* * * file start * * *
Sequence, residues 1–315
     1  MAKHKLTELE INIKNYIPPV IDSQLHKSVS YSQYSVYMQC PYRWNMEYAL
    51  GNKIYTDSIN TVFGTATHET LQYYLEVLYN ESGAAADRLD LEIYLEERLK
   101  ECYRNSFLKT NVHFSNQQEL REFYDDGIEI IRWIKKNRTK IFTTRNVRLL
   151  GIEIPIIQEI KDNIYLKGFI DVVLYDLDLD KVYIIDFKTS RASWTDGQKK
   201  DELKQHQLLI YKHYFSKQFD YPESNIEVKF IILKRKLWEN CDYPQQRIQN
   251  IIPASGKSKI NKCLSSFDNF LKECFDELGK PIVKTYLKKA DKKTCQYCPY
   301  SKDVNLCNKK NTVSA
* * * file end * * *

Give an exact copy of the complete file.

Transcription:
Sequence, residues 1–315
     1  MAKHKLTELE INIKNYIPPV IDSQLHKSVS YSQYSVYMQC PYRWNMEYAL
    51  GNKIYTDSIN TVFGTATHET LQYYLEVLYN ESGAAADRLD LEIYLEERLK
   101  ECYRNSFLKT NVHFSNQQEL REFYDDGIEI IRWIKKNRTK IFTTRNVRLL
   151  GIEIPIIQEI KDNIYLKGFI DVVLYDLDLD KVYIIDFKTS RASWTDGQKK
   201  DELKQHQLLI YKHYFSKQFD YPESNIEVKF IILKRKLWEN CDYPQQRIQN
   251  IIPASGKSKI NKCLSSFDNF LKECFDELGK PIVKTYLKKA DKKTCQYCPY
   301  SKDVNLCNKK NTVSA